- claim the salary or wage as a deductible expense in the Income tax return: partnerships and look-through companies (LTCs)(IR7)
Reallocating payments for tax purposes
Inland Revenue can reallocate payments for tax purposes if they consider that any:
- salary or wage
- share of profit or loss, or
- other income paid to a relative or associated person
……………..is unreasonable or excessive.
To determine this, they look at:
- the nature and extent of the services provided
- the value of the partners’ contributions made by way of services or capital, and
- any other relevant matters
IRD can’t reallocate a partners’ share of income or losses if there is a bona fide contract.
Filing a partnership and look-through company income tax return (IR7)
A partnership or look-through company (LTC) must file a Income tax return: partnerships and look-through companies (LTCs)(IR7) every year. The partnership or LTC is not assessed for tax, but each partner or owner is liable for tax on their share of the income from the partnership or LTC.
Partnership and partner’s returns
A partnership must file an IR7 return, attaching the Partnership details (IR7P), until the partnership ceases and we are advised. An IR7 return must be filed for the year in which the partnership ceased.Each partner in a partnership must file an Individual income tax return (IR3) showing their share of any income, expenses and tax credits from the partnership, as shown on the IR7P.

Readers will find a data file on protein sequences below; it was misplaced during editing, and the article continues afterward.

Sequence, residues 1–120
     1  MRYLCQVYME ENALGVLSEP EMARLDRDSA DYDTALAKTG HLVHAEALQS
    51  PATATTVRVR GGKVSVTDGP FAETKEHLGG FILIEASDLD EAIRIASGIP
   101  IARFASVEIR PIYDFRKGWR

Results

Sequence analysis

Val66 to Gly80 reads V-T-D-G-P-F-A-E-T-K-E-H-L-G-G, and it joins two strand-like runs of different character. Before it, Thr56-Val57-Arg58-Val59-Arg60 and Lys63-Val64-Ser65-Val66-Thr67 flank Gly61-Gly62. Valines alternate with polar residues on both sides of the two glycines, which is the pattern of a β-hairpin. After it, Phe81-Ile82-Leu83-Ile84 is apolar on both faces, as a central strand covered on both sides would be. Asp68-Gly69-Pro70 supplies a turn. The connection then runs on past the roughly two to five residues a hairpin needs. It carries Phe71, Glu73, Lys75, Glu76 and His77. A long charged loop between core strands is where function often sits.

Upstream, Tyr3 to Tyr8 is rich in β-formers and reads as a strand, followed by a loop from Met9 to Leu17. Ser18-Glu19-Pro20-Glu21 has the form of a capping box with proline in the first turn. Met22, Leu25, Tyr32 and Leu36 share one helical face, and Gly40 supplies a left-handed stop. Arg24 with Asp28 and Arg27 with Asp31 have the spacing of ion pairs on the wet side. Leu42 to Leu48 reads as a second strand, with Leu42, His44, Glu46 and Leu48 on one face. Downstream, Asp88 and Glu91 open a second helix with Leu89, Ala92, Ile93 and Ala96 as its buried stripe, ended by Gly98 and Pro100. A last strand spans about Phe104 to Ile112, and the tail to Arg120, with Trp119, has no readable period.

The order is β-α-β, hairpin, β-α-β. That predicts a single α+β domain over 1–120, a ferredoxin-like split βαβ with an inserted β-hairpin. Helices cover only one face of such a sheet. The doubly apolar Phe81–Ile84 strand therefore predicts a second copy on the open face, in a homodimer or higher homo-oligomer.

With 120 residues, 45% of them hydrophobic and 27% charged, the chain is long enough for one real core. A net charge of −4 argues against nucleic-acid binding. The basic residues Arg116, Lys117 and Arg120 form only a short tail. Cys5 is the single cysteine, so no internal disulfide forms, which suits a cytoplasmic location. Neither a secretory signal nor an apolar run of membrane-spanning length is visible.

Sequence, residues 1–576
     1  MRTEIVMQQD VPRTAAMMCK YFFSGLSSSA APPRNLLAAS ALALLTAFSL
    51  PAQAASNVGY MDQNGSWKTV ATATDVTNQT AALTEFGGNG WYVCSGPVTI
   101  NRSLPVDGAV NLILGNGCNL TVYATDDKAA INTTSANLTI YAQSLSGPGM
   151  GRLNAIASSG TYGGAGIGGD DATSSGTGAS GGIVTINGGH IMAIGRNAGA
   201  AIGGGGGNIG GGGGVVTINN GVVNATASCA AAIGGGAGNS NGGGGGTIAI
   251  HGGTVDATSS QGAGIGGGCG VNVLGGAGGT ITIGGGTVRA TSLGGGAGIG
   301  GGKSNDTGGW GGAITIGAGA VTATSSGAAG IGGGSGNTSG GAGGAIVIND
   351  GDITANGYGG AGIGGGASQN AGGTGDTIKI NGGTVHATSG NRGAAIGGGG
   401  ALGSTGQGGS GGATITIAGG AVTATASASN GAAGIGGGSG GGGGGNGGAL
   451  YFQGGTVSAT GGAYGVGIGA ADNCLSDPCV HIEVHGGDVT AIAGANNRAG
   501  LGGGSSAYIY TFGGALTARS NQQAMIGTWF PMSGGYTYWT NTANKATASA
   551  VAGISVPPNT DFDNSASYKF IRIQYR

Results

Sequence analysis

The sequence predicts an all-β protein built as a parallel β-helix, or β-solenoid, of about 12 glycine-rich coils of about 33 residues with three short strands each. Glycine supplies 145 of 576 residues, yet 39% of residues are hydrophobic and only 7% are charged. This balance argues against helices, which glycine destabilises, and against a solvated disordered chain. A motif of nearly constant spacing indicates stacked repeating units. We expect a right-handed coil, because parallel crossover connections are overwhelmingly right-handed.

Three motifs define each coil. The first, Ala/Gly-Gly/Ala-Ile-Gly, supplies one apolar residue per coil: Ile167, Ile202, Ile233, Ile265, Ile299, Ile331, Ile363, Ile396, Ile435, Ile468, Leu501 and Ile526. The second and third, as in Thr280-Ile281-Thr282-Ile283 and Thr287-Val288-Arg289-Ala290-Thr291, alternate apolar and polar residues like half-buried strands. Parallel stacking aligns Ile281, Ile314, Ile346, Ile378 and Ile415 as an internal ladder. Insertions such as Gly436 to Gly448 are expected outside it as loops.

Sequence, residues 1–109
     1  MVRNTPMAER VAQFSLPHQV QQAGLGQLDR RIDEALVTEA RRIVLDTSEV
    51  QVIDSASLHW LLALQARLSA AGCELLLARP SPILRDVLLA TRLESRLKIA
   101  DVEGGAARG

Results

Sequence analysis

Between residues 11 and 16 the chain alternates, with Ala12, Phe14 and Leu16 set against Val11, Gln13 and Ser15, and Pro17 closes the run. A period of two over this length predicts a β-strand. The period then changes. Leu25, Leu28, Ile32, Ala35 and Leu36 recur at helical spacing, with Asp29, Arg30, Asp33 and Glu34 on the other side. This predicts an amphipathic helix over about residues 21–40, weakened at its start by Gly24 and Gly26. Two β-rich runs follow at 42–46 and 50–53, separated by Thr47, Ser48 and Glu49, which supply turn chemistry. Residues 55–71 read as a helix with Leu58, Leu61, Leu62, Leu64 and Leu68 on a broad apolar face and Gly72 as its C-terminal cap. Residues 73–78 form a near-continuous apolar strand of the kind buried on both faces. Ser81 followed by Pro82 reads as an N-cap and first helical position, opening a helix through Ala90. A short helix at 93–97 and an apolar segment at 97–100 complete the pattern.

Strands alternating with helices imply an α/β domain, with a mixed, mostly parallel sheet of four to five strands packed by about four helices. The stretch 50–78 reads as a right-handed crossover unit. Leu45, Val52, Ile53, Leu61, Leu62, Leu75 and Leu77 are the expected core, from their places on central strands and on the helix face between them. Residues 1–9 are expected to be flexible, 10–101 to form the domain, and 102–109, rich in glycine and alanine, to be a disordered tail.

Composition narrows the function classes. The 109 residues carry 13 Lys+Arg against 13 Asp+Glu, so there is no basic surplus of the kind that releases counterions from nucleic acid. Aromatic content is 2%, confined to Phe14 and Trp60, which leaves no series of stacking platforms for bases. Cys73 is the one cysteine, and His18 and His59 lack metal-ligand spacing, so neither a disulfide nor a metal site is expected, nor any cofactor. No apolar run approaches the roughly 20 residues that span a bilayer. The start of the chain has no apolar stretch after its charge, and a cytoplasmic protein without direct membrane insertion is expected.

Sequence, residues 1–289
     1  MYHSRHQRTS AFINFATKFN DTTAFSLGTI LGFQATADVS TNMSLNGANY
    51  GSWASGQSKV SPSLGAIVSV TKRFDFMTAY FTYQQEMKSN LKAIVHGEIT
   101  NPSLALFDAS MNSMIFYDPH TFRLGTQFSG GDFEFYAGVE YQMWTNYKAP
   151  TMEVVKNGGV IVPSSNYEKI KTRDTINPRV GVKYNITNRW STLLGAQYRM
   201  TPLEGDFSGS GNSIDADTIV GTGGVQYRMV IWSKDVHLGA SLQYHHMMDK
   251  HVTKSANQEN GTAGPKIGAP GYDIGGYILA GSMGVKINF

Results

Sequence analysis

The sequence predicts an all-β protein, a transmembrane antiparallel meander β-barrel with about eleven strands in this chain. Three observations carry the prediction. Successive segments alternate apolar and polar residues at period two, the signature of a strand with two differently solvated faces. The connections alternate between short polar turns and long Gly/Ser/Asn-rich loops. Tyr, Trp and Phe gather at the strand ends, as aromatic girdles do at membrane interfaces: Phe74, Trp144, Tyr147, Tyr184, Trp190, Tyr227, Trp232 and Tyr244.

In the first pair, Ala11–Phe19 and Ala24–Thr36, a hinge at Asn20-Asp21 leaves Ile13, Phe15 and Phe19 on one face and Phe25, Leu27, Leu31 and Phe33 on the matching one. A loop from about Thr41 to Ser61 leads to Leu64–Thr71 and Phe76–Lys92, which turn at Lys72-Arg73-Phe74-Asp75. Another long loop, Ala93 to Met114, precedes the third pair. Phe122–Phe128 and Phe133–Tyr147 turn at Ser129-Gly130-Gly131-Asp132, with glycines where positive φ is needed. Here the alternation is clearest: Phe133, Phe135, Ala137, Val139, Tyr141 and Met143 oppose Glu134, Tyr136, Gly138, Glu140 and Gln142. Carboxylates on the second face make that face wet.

Partnership and Look-through companies (LTCs)
A look-through company (LTC) must file an IR7 return, for every year that it is registered with the Companies Office unless it has completed a Non-active company declaration (IR433). It must attach the Look-through company (LTC) income/loss allocation (IR7L) for each owner of the LTC. An IR7 return must be filed for the year in which the LTC ceased.
Each look-through owner in a LTC must file their relevant income tax return showing their share of any income, expenses and tax credits from the company, as well as any non-allowable deductions, as shown on the IR7L.